in these days of fragmented media, we keep hearing how ‘engagement’ is the end all and be all.

nothing to it. take your cue from Wheel of Fortune. let your audiences interact with your message.

grant them the wits to complete your thought, finish your…

by
jim cronin

jim cronin is president of BCA Marketing Communications in rye brook, ny

for more information on our membership and events, visit The Copy Lab.

6 reasons not to miss this!

Creatives: The Copy Lab has R/GA’s award-winning copywriter Jenna Livingston on deck to give the low-down on crafting amazing alternative and experiential concepts (plus R/GA creative recruiters will be there!) oct. 24, 7-9:30 @ flatiron lounge. for info & to sign up: www.thecopylabnyc.com/Events

jenna explains it all: advice for advertising creatives

jenna livingston

jenna livingstonaward-winning senior copywriter at R/GA and purveyor of creative prowess and recreational mayhem (did you miss out on “Gosling Easter?” Google it!), took some time out on wednesday night to celebrate our official launch.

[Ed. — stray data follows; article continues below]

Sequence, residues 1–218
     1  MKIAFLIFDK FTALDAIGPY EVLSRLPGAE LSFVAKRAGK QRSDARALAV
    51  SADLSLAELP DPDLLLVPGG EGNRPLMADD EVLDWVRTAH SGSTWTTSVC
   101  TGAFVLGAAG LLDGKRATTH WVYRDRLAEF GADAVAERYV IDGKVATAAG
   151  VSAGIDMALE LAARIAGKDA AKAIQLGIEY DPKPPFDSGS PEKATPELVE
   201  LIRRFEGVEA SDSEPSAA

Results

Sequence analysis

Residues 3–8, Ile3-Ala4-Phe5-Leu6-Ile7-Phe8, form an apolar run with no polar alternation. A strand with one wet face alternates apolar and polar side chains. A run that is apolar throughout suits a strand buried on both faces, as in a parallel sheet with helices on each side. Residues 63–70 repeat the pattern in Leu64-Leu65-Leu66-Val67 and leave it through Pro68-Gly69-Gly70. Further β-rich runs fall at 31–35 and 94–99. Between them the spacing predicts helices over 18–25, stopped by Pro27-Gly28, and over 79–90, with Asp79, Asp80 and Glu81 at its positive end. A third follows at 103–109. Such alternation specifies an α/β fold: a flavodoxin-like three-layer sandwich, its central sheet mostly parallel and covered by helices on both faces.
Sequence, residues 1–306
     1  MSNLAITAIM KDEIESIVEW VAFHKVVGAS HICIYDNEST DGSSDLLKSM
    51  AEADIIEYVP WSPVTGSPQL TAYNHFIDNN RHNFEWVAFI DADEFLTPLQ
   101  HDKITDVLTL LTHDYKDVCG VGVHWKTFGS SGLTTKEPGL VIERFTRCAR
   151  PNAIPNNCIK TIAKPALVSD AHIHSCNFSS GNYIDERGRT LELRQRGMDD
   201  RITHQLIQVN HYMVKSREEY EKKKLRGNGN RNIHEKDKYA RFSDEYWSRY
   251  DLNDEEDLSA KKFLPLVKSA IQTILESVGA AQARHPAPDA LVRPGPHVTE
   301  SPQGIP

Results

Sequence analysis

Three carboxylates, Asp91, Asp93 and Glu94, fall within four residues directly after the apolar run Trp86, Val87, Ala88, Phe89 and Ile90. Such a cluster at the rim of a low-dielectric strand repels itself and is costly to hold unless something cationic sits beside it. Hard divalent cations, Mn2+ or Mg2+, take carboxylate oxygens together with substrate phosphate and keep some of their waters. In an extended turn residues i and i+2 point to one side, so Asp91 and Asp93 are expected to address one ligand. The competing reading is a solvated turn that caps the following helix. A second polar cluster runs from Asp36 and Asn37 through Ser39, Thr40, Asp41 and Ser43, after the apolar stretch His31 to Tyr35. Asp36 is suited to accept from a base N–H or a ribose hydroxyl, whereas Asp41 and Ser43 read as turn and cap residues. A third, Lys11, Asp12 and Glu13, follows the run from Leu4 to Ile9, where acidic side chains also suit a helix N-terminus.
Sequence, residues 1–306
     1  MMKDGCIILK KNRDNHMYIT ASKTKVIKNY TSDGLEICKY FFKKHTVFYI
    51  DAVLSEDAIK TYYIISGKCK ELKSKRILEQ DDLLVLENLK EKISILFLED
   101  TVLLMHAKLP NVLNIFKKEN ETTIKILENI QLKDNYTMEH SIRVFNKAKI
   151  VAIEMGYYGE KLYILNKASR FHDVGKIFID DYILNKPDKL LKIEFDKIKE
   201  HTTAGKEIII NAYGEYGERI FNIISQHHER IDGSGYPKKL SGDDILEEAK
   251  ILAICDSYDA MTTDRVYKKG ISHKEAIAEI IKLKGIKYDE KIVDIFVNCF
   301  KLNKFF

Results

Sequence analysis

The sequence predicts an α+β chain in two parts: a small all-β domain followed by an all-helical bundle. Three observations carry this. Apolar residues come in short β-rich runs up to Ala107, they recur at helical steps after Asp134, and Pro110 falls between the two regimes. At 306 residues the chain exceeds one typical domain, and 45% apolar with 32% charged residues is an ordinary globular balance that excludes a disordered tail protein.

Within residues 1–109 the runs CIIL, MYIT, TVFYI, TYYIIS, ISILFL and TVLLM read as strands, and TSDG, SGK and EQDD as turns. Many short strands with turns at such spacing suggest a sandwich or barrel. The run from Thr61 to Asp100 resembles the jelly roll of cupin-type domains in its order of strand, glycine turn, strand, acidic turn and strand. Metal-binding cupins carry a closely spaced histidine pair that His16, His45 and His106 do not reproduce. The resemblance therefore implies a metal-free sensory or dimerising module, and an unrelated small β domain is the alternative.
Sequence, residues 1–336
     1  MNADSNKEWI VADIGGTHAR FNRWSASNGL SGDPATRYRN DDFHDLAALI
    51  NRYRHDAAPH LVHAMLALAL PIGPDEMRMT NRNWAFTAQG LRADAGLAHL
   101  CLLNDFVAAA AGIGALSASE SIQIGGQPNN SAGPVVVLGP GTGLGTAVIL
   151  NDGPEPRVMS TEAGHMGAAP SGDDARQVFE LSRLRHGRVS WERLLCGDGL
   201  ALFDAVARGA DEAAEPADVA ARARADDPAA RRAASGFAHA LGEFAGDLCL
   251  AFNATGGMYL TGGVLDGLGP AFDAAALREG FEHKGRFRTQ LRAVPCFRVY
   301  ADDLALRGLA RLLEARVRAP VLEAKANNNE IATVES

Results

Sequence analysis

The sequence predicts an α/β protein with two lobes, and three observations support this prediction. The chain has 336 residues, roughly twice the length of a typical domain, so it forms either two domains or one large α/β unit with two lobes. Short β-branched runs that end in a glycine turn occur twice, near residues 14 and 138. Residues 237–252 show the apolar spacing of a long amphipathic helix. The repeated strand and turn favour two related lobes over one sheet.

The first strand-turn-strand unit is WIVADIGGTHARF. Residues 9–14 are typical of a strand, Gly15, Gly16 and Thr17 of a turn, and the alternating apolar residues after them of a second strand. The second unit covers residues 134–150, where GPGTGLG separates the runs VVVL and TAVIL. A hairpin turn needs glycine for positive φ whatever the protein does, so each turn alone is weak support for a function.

in typical fashion, jenna charmed our guests with her warmth, ease and sense of humor as she shared the story of her career and some insightful tips for creatives—check  them out below and sign up now to secure your spot in her october 24th alternative advertising workshop, where you’ll get a glimpse of her eclectic portfolio and the inner workings of an experiential campaign. sign up now and bring your burning questions: www.thecopylabnyc.com/Events

jenna’s ten tips:

  1. 10% on your 401k.
  2. try not to burn bridges. you don’t know where people will end up and your enemy could end up being your boss.
  3. the more people you know, the more chances you have of hearing about job opportunities and or even getting some freelance work.
  4. go to ad parties and make friends with reps and have them take you out. you’ll network, meet important people and maybe even find a boyfriend or girlfriend.
  5. find a mentor or two you like and respect. someone you feel comfortable showing work to and can give you advice on how to better your book.
  6. go on job interviews in other cities even if you aren’t interested. you’ll meet people and keep in touch until you are ready to move, and they move somewhere you want to work
  7. try people out – it’s ok to pay people to do work for you. from writing copy to making an app, you’ll get a feel for if you like working with someone and get something good out of it for your work.
  8. do side projects. always keep your book fresh – especially if the work you’re doing at your agency isn’t portfolio-worthy. always good to have something in your back pocket.
  9. keep in touch with people. build relationships.
  10. join The Copy Lab. network. build your book. build your skills. build your career!

by
kendria smith

for more information on our membership and events, visit The Copy Lab.